Why the yuan and other Asian currencies won’t follow the Turkish lira into free fall
Neal Kimberley says while US tariffs may have been the tipping point, Turkey’s currency woes are rooted in weak foundations that other Asian economies do not share
While the struggles of the Turkish lira illustrate a number of issues, markets should be wary about bracketing other Asian currencies in the same category. Ankara has its problems but many other Asian currencies, including the yuan, are better anchored.
Turkish President Recep Tayyip Erdogan may have characterised his country’s current situation as an “economic war” and the slide in the value of the Turkish lira has been accentuated by the deterioration in relations between Turkey and the United States, but the currency was arguably already resting on poor foundations.
With Erdogan a self-described “enemy of interest rates”, the Central Bank of Turkey has been slow to tighten monetary policy even though inflation in July was 15.85 per cent year-on-year, more than three times the Turkish central bank’s 5 per cent target.
Additionally, Turkey runs a current account deficit and Turkish non-financial corporations have taken on a mountain of US dollar-denominated debt that has to be serviced. Not only does Turkey need foreign investment inflows to bridge that current account deficit gap, its companies need US dollars to service their debts.
Bank for International Settlements data shows non-bank borrowers in Turkey had US$198 billion in outstanding US dollar debt at the end of the first quarter of 2018, representing almost 22 per cent of the US$910 billion current prices measure of Turkey’s gross domestic product in the International Monetary Fund’s April World Economic Outlook.
Admittedly the same data showed non-bank borrowers in China had US$548 billion of outstanding US dollar debt, but that only represented some 4 per cent of the IMF’s measure of China’s GDP, at US$14 trillion.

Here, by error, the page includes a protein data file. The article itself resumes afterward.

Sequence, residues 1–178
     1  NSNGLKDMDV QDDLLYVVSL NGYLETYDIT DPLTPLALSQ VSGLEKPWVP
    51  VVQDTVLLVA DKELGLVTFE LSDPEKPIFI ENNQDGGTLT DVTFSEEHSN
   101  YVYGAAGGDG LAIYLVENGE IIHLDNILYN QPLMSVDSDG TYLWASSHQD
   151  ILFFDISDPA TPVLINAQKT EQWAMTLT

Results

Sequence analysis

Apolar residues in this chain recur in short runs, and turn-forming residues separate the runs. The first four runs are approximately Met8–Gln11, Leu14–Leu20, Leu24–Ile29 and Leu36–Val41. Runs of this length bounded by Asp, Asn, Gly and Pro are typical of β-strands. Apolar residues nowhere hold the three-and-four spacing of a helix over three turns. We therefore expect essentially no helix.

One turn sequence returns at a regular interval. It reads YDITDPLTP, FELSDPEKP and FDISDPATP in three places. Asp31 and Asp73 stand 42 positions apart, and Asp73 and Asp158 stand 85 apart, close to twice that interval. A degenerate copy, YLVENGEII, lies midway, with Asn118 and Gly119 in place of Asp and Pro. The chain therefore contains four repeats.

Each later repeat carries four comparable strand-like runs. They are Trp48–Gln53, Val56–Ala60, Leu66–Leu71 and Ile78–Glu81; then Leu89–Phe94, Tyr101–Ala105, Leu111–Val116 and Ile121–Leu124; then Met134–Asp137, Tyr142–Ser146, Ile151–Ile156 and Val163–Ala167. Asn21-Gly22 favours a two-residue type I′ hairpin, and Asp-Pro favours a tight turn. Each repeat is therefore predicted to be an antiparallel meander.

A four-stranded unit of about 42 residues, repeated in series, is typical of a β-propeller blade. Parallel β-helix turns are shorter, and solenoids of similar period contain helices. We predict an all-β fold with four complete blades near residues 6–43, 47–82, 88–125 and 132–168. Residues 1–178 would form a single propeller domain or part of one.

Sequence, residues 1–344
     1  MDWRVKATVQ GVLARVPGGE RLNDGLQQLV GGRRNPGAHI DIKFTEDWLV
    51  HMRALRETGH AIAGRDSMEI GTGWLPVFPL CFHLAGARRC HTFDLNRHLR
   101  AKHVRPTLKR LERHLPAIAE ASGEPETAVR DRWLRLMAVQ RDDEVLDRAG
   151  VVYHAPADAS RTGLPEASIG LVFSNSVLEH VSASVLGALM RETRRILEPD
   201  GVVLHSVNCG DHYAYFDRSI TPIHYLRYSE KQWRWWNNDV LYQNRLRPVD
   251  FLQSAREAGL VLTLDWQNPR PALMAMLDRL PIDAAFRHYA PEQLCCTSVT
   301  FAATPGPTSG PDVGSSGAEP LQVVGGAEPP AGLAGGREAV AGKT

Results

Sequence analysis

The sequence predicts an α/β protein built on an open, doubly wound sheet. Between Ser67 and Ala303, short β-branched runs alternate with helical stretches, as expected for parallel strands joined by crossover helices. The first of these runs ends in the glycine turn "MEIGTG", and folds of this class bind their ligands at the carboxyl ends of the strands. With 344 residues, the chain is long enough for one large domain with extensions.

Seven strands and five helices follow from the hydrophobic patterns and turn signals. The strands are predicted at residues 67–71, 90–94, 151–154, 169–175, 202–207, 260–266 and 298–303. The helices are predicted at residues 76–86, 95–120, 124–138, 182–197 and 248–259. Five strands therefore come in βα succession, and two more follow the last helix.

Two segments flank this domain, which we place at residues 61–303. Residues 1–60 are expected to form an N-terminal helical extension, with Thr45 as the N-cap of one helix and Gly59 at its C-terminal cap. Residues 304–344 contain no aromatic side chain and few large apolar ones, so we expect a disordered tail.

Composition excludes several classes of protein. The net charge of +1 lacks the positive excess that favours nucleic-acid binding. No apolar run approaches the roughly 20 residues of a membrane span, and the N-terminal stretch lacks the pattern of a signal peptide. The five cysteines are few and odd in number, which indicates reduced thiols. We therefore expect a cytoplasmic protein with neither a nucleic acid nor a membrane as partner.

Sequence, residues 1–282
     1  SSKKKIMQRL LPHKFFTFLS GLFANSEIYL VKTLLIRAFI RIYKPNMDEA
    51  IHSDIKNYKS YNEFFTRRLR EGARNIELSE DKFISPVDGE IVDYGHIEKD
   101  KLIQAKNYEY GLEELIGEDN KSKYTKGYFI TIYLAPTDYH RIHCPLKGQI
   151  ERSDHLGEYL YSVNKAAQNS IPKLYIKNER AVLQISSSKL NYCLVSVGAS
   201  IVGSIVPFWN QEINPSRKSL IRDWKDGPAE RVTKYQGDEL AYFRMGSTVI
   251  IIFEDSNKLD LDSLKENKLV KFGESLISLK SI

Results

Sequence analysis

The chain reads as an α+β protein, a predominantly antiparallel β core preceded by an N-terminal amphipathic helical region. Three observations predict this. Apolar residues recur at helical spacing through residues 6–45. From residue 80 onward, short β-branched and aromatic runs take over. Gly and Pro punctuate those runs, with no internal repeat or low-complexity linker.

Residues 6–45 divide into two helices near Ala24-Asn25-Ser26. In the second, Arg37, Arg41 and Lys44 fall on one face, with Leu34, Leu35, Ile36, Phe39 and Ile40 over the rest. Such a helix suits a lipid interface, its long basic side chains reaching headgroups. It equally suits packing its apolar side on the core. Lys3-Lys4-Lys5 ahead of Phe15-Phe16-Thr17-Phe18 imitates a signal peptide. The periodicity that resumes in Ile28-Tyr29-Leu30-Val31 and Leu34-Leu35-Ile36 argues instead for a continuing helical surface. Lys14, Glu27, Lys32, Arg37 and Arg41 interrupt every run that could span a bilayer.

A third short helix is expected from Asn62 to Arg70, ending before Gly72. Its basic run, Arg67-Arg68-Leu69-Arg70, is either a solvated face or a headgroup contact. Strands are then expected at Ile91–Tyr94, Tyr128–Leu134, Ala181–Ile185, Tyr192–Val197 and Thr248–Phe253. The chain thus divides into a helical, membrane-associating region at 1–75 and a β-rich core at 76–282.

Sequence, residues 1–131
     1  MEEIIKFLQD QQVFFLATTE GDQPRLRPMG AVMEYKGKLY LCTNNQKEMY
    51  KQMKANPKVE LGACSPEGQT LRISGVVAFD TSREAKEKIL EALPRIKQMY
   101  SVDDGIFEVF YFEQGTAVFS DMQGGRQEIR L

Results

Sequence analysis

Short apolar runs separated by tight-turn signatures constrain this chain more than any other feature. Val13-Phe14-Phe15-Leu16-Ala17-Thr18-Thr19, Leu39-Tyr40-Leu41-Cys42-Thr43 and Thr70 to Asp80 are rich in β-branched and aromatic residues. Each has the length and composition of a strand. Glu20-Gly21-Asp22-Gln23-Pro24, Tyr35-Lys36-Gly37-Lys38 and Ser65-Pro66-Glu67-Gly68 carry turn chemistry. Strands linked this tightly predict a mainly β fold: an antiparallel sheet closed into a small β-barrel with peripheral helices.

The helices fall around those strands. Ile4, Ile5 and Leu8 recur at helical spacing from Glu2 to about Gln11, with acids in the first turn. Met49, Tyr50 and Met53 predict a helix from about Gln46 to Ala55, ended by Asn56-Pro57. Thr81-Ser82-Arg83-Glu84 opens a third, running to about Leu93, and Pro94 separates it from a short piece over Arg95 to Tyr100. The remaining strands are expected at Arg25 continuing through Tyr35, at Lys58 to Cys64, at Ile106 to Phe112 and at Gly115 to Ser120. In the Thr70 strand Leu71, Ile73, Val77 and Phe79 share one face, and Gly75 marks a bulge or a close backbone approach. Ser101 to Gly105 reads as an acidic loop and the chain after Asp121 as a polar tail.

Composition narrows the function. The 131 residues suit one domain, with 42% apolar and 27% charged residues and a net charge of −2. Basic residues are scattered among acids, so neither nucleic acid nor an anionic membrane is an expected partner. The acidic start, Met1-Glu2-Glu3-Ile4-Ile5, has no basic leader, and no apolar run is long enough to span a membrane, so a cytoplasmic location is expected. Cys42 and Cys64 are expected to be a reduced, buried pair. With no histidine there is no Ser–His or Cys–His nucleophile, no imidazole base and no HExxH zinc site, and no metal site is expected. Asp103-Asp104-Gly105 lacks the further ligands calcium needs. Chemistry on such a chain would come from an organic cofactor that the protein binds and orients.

In a nutshell, China is far better placed than Turkey to manage that US dollar debt exposure, although that doesn’t mean the People’s Bank of China will be complacent about yuan weakness.
Amid the trade war between Beijing and Washington, the PBOC did stand back as the yuan depreciated in recent months but, effective from August 6, as HSBC noted in its August Currency Outlook, the central bank imposed “a 20 per cent reserve requirement on banks that sell US dollar to clients using forward contracts (including FX swaps and options)”.
“Going forward, depending on market developments, more counter-cyclical measures may be announced,” HSBC said, while recognising that “the risk of an even weaker [yuan] exists, considering the US’ latest proposal to potentially impose punitive tariffs (be it 10 per cent or 25 per cent) on an additional US$200 billion of imports from China.”
Even if the yuan keeps weakening, investors could rationally conclude that the move would be measured, with the PBOC watchful in the background, rather than prove to be in free fall as has been the case with the Turkish lira.
More broadly, as analysts at Natixis in Hong Kong argued on Friday, emerging Asian economies “are in a strong position to absorb external shocks”, bolstered by “ample foreign exchange reserves to short-term external debt and prudent fiscal and monetary policy to prevent overheating” and having taken “decisive steps to ensure macroeconomic stability”.
The French firm also noted that, in contrast to Turkey’s current account deficit of 6.3 per cent of GDP, most “emerging market Asian countries have current account surpluses” and even the Philippines, Indonesia and India have deficits of less than 2 per cent of GDP.
In the case of the Philippines, the Bangko Sentral ng Pilipinas raised interest rates by 50 basis points to 4 per cent on Thursday, its biggest hike in a decade, and its hawkish tone prompted US bank Goldman Sachs, writing on Friday, to become “more constructive” on the outlook for the peso.
Admittedly, in the same note, the US firm tweaked its forecasts for currencies such as the Taiwan dollar “to be slightly more bearish” but not because of anxiety about a contagion effect from the Turkish lira.
Instead, it was the linkages between China and open economies in Asia that prompted Goldman’s forecast adjustments, given that the US bank sees a risk of some further yuan weakness on a six-month horizon due to the ongoing China-US trade war.
The currencies of China and other economies in the region rest on much sounder foundations than the stricken Turkish lira. Investors shouldn’t automatically assume that, just because Turkey’s currency has collapsed in value, other currencies in Asia will also materially weaken.
Neal Kimberley is a commentator on macroeconomics and financial markets